The conventional wisdom about the left’s relationship with the Democratic Party has fully reversed itself in the space of six to eight months. As the Democratic primary ended, it was often argued that Sanders and the left lost because they had marginalized themselves—anti-establishment rhetoric, refusals to accept compromise, and the toxicity of prominent voices had alienated not only most of the Democratic electorate but also Democratic elites who might have otherwise been won over. “Twitter isn’t real life,” it was said. But naturally, after election day, Democratic underperformance down-ballot from Biden was blamed mostly on the left’s influence. Democratic elites, it’s said now, were persuaded by the left into taking on or accepting unpopular messaging about socialism and policing—thanks in part, evidently, to the awesome and terrible power of tweets from left activists, writers, and podcasters.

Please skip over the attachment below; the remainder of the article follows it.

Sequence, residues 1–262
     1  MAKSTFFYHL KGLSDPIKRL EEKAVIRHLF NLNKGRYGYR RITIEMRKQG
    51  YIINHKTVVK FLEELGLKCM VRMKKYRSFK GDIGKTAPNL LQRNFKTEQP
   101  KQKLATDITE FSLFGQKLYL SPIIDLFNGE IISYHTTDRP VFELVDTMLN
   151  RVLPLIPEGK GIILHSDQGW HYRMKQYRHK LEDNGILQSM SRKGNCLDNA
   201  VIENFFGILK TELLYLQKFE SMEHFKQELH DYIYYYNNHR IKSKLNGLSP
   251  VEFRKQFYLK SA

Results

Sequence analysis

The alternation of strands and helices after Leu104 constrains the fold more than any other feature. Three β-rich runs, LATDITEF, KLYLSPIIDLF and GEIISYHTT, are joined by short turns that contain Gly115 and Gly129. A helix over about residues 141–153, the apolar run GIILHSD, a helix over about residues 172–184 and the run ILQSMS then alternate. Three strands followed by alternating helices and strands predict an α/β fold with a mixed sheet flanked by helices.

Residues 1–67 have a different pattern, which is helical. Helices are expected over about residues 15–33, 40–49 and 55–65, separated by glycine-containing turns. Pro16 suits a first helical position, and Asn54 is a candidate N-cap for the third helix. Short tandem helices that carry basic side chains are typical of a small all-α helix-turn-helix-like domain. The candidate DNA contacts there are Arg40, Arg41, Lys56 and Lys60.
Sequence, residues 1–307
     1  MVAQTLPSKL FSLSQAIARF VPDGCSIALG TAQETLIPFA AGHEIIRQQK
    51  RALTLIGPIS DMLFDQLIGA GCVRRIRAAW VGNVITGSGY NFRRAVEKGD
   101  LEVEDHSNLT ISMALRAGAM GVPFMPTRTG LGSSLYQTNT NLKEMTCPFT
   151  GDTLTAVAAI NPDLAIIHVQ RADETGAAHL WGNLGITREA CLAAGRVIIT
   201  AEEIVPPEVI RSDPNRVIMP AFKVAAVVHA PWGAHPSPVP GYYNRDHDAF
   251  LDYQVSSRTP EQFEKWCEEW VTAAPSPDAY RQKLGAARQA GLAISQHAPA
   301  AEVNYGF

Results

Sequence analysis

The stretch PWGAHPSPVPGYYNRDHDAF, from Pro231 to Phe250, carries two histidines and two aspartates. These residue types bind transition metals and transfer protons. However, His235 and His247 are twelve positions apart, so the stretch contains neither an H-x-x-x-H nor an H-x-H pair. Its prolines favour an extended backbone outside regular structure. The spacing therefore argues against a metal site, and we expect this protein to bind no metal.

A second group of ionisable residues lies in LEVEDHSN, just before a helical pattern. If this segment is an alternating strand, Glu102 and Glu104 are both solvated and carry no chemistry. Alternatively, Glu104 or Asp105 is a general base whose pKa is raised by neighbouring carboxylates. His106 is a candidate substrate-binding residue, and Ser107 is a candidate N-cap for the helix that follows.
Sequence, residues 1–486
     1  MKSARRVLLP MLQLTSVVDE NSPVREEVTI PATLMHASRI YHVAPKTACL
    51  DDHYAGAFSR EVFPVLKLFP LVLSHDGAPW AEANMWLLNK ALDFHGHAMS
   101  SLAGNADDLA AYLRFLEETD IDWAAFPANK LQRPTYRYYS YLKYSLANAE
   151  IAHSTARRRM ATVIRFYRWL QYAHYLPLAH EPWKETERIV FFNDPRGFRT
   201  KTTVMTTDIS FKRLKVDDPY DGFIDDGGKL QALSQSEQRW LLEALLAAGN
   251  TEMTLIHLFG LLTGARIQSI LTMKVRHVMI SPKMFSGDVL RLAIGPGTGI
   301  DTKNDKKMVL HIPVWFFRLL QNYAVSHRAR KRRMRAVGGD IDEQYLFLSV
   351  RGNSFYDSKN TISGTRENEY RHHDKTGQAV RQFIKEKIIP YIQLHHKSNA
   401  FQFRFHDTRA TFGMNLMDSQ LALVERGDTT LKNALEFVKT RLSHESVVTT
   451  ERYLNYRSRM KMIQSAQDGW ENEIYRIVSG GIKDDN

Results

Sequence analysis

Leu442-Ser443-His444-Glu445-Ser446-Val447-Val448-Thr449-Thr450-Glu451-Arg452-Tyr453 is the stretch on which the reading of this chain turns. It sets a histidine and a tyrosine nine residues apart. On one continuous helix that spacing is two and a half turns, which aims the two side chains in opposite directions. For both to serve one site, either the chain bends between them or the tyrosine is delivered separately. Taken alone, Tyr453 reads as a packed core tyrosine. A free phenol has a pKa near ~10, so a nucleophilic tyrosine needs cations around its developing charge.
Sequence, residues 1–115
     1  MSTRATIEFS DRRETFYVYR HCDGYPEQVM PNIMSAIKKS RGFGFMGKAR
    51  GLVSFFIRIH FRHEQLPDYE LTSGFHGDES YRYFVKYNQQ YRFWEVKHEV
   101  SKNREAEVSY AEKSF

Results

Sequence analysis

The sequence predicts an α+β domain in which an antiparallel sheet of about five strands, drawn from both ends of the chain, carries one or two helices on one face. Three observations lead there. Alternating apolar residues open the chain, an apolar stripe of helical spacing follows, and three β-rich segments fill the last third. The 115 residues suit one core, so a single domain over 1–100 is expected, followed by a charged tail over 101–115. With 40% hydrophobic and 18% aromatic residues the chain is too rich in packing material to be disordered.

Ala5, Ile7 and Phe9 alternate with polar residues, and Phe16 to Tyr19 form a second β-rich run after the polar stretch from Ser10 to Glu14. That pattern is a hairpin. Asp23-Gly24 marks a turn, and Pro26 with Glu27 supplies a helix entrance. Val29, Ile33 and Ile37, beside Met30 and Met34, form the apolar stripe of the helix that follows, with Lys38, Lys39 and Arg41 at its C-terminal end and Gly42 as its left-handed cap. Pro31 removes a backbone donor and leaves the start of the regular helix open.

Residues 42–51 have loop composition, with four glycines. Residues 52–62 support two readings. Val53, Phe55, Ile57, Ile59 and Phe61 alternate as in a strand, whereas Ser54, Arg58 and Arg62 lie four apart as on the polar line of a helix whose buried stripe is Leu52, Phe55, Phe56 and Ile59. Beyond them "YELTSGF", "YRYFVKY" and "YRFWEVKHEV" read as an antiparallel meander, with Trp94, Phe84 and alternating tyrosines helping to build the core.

Both arguments are wrong, but the first was closer to the truth than the second. The left’s influence on Democratic elites has indeed been extremely limited. This is less a consequence of any particular feature of the Sanders era—over many years, many different progressive candidates with many different political styles and orientations toward the party establishment have similarly failed to move it—than of elite hostility to the left and their policies, which they consider substantively bad, politically risky, or both.